Fashion event India Couture Week ended last week. The show, which took place in New Dehli, showcased innovative and creative collections from Indian fashion designers at a time when India is making its mark in the global fashion market.
The 16th annual edition of India Couture Week showcased 16 skilful Indian designers. They highlighted India's impressive craftsmanship with a modern twist. Traditional Indian attire was reimagined to fit with modern trends and with today's call for sustainability in mind.
India's fashion market is fast evolving. According to The Times of India, the market is set to grow at a compound annual growth rate (CAGR) of 11%-12% to reach between €104 billion and €114 billion ($115bn-125bn) by 2025.
Here are four designers who are contributing to that growth by using their innovation and creativity to pull focus on larger social and environmental issues.
Gaurav Gupta is an Indian Fashion Designer who studied his craft at the National Institute of Fashion Technology in India and London's Central Saint Martins College of Arts and Design. He founded his own brand in 2005, to which he gave his name.
His style combines traditional Indian construction and techniques with a modern view of the future.
This collection intertwines birth and living with the cosmos, calling for everyone to embrace their inner light. The looks include the physical interpretation of the universe's five elements: Prithvi (earth), Jal (water), Agni (fire), Vayu (air) and Akasha (space) bringing the world's creation to the forefront.
The designer brings his concept to life through related colours, intricate embroidery and sculpturesque silhouettes.
The collection ends with Indian actress Janhvi Kapoor wearing a midnight blue sparkling matching set, an intended show-stopper.
"I think it's not about genderless fashion," said the designer about his approach to gender in an interview with culture website Lifestyle Asia. "For me, it's exciting to see how gender itself is becoming less and less important."
It's an attitude shared with fellow Indian Couture Week designers Rauhit Gandhi and Rahul Khanna, who have stated that gender rules have become fluid.
Gupta's collection can be interpreted as an invitation to empowerment, an expression of genderless fashion and a much-needed ode to the universe.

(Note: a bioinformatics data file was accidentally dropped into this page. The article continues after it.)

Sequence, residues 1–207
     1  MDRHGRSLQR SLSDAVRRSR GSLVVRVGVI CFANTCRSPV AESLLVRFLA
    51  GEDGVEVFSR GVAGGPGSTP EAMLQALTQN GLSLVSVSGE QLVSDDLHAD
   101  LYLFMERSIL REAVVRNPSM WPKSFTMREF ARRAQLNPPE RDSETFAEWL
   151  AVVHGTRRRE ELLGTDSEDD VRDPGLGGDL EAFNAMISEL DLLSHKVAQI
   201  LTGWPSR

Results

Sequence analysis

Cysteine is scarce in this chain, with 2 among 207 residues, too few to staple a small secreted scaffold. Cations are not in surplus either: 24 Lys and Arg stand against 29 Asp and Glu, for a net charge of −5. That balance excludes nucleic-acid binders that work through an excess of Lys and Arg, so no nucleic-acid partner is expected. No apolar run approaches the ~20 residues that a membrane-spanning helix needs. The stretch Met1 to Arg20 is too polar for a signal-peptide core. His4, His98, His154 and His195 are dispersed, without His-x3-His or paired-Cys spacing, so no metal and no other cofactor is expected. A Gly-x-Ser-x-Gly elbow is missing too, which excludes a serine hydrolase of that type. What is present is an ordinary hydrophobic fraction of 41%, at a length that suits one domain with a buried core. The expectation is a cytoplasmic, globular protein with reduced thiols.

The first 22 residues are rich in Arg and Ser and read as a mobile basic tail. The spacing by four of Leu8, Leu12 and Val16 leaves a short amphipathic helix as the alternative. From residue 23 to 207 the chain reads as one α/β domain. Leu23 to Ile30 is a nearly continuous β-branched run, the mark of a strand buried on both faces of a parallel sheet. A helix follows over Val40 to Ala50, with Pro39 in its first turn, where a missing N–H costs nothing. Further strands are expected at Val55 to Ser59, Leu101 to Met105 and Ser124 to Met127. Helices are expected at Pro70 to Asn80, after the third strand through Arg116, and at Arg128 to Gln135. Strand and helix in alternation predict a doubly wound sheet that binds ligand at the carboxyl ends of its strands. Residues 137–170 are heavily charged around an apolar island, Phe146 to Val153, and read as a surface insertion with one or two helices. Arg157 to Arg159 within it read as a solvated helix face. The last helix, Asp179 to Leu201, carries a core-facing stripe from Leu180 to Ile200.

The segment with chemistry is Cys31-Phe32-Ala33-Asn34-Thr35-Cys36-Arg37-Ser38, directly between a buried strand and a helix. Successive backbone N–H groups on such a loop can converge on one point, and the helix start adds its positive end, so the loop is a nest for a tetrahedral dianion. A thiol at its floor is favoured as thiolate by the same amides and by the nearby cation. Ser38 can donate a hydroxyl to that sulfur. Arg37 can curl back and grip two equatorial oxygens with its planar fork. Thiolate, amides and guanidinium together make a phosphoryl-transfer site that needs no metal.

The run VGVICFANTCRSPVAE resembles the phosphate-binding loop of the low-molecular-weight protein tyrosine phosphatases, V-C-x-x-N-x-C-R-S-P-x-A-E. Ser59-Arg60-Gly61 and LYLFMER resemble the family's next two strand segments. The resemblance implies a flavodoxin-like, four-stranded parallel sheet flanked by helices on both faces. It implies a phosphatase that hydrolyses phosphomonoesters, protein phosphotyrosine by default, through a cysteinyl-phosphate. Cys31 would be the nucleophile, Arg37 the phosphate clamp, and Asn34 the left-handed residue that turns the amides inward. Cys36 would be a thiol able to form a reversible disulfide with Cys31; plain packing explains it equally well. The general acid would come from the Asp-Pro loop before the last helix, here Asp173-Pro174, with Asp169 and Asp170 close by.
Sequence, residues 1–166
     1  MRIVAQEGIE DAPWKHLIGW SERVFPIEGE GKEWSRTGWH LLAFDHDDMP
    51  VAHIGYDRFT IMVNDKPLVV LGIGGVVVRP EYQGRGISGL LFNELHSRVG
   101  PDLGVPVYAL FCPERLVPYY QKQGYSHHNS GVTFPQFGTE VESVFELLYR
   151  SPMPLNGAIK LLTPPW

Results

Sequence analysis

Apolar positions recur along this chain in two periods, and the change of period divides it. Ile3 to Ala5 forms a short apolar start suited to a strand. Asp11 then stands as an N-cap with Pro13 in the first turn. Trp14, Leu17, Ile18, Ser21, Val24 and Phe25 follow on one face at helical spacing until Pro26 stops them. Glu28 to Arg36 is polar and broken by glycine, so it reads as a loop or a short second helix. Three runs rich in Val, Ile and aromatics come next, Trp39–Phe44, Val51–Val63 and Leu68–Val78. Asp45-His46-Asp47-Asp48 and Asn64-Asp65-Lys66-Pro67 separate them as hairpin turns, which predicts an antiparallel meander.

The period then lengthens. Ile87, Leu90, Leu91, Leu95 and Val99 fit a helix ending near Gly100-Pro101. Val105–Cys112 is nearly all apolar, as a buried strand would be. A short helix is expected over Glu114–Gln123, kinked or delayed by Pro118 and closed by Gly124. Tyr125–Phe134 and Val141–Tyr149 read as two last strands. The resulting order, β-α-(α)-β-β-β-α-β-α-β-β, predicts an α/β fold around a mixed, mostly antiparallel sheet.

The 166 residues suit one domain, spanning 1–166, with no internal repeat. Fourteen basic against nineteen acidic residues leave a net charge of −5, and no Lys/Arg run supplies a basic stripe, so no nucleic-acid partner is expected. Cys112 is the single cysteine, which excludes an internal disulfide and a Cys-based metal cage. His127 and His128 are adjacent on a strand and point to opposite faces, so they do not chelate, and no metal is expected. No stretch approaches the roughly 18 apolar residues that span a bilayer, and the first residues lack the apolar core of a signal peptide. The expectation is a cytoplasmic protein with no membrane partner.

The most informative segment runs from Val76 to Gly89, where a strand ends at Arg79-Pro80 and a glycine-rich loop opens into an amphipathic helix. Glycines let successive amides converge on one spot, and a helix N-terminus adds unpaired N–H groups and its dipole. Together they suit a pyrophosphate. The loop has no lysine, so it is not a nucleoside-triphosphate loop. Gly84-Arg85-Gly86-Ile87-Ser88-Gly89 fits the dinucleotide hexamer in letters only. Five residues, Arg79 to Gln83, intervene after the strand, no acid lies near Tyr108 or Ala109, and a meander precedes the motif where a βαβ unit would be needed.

Award-winning Indian fashion designer Rimzim Dadu is mostly known for her creative experimental skills.
On her website, she's described as a "progressive texturist." She pushes against the common use of materials by deconstructing, modifying and reassembling them into new and innovative forms. A signature design of hers involves taking small details and enlarging them into oversized proportions or making three-dimensional surfaces from prints.
Captivated by the ever-changing nature of water, her India Couture collection 'Hydrochromic' draws inspiration from ocean tides. She skilfully reinterprets the beauty of water through her sculpture-like garments with the use of glimmering metallics.
Her collection symbolises the flow and rhythmic motion of the ocean.
In an interview with lifestyle magazine Grazia, Dadu opened up about the important message behind this year's collection. She says her team is using water as a metaphor to draw attention to climate change, stressing the need to protect nature. Her aim is to make people think.
Another element of her designs is a desire to convey feminine power. Through her use this year of lace and mesh, she symbolises a balance between feminine elegance, beauty and power that she describes as "not concealed but not in your face either."
Though an innovative and modern collection, Dadu makes references to traditional Indian attire. Imitations of ikats, a type of textile with a complex design pattern, can be seen on various garments including the traditional long shirt called a kameez. Gold recurs throughout the show, reminiscent of India. And the traditional festive lehenga, an ankle-length skirt, sees adaptations.
Winner of the 21st Century Icon Award, Isha Rajpal is the founder of Rose Room Couture.